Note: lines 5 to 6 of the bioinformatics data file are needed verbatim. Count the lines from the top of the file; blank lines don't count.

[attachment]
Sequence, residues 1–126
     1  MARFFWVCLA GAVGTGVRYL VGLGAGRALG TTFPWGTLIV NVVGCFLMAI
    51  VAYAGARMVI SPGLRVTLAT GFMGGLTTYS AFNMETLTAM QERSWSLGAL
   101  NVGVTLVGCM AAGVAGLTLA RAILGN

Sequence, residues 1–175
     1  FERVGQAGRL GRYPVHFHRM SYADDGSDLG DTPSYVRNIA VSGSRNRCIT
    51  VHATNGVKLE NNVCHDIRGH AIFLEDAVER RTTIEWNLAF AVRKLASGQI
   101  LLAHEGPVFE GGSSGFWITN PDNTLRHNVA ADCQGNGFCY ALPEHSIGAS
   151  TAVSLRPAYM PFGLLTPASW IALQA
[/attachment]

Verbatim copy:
Sequence, residues 1–175
     1  FERVGQAGRL GRYPVHFHRM SYADDGSDLG DTPSYVRNIA VSGSRNRCIT